Radiometric dating evidence evolution
147] has highlighted the fact that measurements of specimens from a 1801 lava flow near a volcano in Hualalai, Hawaii gave apparent ages (using the Potassium-Argon method) ranging from 160 million to 2.96 billion years, citing a 1968 study [Funkhouser1968].
In the particular case that Morris highlighted, the lava flow was unusual because it included numerous xenoliths (typically consisting of olivine, an iron-magnesium silicate material) that are foreign to the lava, having been carried from deep within the earth but not completely melted in the lava.
In a related article on geologic ages (Ages), we presented a chart with the various geologic eras and their ages.
One question that sometimes arises here is how can scientists assume that rates of radioactivity have been constant over the great time spans involved.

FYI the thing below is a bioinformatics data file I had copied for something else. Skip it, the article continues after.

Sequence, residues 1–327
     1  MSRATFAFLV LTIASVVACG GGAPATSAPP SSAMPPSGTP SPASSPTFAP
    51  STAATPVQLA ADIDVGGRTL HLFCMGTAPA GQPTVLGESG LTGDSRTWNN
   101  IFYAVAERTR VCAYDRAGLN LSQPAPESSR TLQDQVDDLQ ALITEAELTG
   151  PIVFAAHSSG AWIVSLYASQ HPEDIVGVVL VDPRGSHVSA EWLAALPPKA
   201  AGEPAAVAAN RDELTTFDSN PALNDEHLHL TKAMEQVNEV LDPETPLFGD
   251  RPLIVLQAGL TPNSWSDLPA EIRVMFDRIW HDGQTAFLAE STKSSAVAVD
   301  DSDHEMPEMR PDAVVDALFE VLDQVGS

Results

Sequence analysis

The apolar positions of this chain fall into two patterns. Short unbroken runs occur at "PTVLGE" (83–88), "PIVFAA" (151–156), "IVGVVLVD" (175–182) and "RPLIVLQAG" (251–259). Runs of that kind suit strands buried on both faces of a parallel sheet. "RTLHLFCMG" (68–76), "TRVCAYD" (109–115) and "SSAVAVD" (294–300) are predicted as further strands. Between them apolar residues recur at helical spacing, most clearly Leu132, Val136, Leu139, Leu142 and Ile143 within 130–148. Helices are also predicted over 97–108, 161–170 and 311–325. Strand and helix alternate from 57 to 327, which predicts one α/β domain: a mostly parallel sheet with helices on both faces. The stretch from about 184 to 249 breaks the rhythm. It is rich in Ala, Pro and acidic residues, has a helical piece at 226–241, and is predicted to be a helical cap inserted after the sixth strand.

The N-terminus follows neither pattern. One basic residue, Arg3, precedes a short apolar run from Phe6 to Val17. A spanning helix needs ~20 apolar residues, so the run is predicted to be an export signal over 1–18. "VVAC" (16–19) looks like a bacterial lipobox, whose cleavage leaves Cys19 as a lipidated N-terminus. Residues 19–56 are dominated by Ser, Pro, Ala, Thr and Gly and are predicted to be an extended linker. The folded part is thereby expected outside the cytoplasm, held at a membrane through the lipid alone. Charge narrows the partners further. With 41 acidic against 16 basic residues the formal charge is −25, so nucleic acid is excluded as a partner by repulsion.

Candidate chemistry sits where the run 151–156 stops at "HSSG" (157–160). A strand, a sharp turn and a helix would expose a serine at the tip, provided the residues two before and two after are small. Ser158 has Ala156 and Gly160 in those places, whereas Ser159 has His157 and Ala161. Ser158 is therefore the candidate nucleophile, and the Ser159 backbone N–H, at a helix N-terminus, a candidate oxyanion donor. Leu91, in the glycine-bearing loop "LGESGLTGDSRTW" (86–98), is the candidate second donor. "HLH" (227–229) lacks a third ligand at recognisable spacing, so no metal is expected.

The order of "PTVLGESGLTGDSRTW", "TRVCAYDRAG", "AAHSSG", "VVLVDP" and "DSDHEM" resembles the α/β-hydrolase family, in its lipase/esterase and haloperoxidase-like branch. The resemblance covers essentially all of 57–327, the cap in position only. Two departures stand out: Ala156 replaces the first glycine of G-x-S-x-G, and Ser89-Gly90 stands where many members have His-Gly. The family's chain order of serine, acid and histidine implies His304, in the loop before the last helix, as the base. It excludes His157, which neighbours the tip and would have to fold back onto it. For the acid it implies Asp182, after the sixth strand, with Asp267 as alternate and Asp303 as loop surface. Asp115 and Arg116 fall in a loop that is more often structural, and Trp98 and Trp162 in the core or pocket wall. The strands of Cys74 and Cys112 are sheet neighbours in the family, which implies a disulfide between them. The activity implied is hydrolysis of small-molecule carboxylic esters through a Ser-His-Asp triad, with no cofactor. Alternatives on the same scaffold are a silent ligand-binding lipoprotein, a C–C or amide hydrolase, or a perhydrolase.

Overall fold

Also, as the authors of the 1968 article were careful to explain, xenoliths cannot be dated by the K-Ar method because of excess argon in bubbles trapped inside [Dalrymple2006].
Thus in this case, as in many others that have been raised by skeptics of old-earth geology, the "anomaly" is more imaginary than real.
Radioactive decay rates have been measured for over sixty years now for many of the decay clocks without any observed changes.
And it has been close to a hundred years since the uranium-238 decay rate was first determined.